Prop 84: Bonds for Water & Natural Resources – California already has a variety of programs in place to protect the environment and natural resources, and the approval of Prop 84 would provide more funding for such projects or to make improvements where needed. If passed, the initiative would permit the state government to sell $5.4 billion in bonds to support these projects – and, if possible, future ones. More specifically, the funds would be directed to maintaining and improving water quality, flood control, parks, forests and wildlife conservation. In addition, monies from the initiative would be apportioned to protecting rivers, lakes, and coastal waters.
Prop 85: Parental Notification for Minors Seeking Abortions – Perhaps the most controversial initiative on this year’s ballot, Prop 85 would require any doctor who agrees to perform an abortion on a minor to notify her parent or guardian 48 hours before the procedure takes place. Parents would only have to be notified of the planned procedure – not give consent. A similar prop – Prop 73 – was placed on last year’s special election, but was rejected by voters.
Supporters of the bill believe that since minors need parental consent for almost any other surgical procedure, abortions should be no exception. Proponents also contend that allowing minors to keep sexual health-related information from their parents may lead to additional medical problems. For instance, according to those in support of the initiative, in the case that there are complications from an abortion, a minor may feel she can not turn to her parents for help getting treatment, leading her to not do so at all. Or, if the minor’s pregnancy resulted from a rape, her parents would not have the knowledge they needed to assure any additional potential complications – physical or emotional – would be addressed for their daughter.
Opponents of Prop 85 say the initiative will create dangerous situations for young women seeking abortions who feel they cannot tell their parents, either because they fear disapproval or because the guardian is abusive, perhaps sexually. Opponents also argue that minors afraid of having their parent or guardian informed will seek an unsafe, illegal abortion. Challengers of the initiative also feel the prop would infringe upon the well-established precedents of patient privacy and doctor-patient confidentiality relationships. In addition, they contend that it is not a physician’s responsibility to intervene in private family matters.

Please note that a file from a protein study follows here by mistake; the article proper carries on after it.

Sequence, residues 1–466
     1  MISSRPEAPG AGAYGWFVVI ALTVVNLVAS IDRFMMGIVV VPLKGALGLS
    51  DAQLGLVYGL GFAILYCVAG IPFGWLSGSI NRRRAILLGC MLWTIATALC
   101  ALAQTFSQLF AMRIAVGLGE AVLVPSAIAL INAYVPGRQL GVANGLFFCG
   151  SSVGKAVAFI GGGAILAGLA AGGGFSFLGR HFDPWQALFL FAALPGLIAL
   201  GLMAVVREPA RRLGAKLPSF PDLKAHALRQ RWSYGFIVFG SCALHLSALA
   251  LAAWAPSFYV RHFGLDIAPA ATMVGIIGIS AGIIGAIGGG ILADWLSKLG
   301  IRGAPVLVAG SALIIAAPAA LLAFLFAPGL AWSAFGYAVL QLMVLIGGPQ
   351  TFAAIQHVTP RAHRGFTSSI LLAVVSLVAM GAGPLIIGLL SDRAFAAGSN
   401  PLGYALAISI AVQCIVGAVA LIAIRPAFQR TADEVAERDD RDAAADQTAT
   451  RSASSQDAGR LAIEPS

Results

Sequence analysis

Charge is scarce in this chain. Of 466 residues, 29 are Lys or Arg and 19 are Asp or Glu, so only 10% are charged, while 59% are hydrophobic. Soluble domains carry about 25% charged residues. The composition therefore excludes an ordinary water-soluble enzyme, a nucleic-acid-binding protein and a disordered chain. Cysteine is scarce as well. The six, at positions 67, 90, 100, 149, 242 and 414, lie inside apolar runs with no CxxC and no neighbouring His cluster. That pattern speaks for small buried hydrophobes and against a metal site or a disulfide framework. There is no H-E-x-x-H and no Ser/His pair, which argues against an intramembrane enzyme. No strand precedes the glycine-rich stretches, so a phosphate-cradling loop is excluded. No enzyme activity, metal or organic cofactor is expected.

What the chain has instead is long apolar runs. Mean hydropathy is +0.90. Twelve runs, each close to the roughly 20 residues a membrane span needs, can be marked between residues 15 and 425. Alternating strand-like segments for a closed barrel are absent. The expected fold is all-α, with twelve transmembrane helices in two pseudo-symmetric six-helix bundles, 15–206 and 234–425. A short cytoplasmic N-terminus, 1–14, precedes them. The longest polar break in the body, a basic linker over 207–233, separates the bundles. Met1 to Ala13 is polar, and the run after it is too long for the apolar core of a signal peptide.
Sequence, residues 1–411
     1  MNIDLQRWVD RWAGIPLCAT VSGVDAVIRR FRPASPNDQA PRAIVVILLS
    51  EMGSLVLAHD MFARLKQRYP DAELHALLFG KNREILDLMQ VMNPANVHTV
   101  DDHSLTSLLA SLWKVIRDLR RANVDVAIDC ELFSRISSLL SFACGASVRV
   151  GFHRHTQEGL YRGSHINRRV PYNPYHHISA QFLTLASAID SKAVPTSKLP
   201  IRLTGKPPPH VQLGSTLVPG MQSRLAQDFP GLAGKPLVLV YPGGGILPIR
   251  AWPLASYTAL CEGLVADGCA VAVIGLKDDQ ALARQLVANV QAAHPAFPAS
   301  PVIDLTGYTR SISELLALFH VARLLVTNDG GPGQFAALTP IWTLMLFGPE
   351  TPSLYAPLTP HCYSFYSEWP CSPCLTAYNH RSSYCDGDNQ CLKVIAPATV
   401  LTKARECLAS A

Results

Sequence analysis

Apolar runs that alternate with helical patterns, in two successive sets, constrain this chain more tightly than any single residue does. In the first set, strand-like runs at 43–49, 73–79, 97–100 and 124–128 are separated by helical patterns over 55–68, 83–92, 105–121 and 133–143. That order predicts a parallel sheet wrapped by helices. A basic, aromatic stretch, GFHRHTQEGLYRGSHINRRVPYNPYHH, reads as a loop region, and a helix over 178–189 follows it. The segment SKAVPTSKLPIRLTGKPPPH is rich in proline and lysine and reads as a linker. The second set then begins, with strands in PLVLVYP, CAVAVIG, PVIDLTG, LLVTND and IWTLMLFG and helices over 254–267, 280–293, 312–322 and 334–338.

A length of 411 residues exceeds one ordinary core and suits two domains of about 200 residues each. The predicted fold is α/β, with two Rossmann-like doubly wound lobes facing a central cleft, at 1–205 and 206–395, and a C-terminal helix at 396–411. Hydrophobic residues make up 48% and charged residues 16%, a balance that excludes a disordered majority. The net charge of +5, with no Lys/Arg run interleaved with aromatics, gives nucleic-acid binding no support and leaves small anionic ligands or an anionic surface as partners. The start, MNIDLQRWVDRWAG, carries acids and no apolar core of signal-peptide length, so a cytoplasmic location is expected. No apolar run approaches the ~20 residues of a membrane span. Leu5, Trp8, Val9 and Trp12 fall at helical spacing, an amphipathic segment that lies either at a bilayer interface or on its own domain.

Prop 86: Additional Tax on Cigarettes – This initiative would raise California’s current $.87 per-pack state levy on cigarettes by $2.60, amounting to a $3.47 duty on each pack of cigarettes sold. The state would use money raised from the tax for a number of specified health care programs, including funding for emergency care services and insurance subsidies for children from low-income families. The tax is expected to raise an initial $2.1 billion per year for the next few years. If Prop 86 passes, the state anticipates a substantial decrease in smoking-related public health care costs after a few years, which could eventually amount to billions of dollars in savings for California’s health system.
Prop 87: Oil Tax for Clean Energy – At this time, California oil producers are required to pay a 6.2 percent tax on every barrel of oil produced. Prop 87 would raise this tax to a level that would amount to an estimated $260 billion increase – after the initial $4 billion cost of the program was paid off – in money for California, paid by the product’s manufacturers. The state and the prop’s supporters hope to use revenues raised from the tax for the development of alternative, more efficient forms of energy; however, opponents claim the tax will only lead to higher oil prices in California as companies will pass the cost on to consumers.
Prop 88: Property Parcel Tax for Education Funding – If passed, Prop 88 would add an additional $50 flat duty per year on every owned land parcel in California. The tax would be in addition to any other property taxes paid by the land’s owner, and collectively, would amount to $450 million annually in funds set aside for K-12 education programs. Specifically, the state intends for the money to help reduce class sizes, purchase new textbooks and improve safety at public schools. Most elderly, disabled or low-income homeowners would be exempt from the tax.
Prop 89: Public Funding for Political Campaigns – Currently, most money for political campaigns comes from private sources including donors, companies and political parties. Some believe this system is unfair, because candidates with the ability to raise the most money for their campaigns – or who have enough from their own finances – have an advantage over those who do not. Prop 89, if approved, would allow certain qualified candidates for public office to fund their campaigns through public funds – provided by a 0.2 percent tax increase on large corporations in California. These funds would only be available to candidates who volunteer to not accept any private donations or use their own money to pay for their campaigns. About $200 million would be raised annually to finance these campaigns.
Prop 90: Eminent Domain and Property Rights – If passed, Prop 90 would make the practice of “eminent domain” property seizures – wherein the government forces a land owner to sell his property to the state for commercial use – unlawful, except in cases of government emergencies or looming public health or safety issues. The financial consequences of the initiative’s approval are hard to estimate, but many assert that the amount of lawsuits that ensue over the issue may create a fiscal nightmare for both property owners and California’s budget.
Easy Voter Guide: www.easyvoter.org, Smart Voter: www.smartvoter.org, League of Women Voters: www.lwv.org, California Legislative Analyst’s Office: www.lao.ca.gov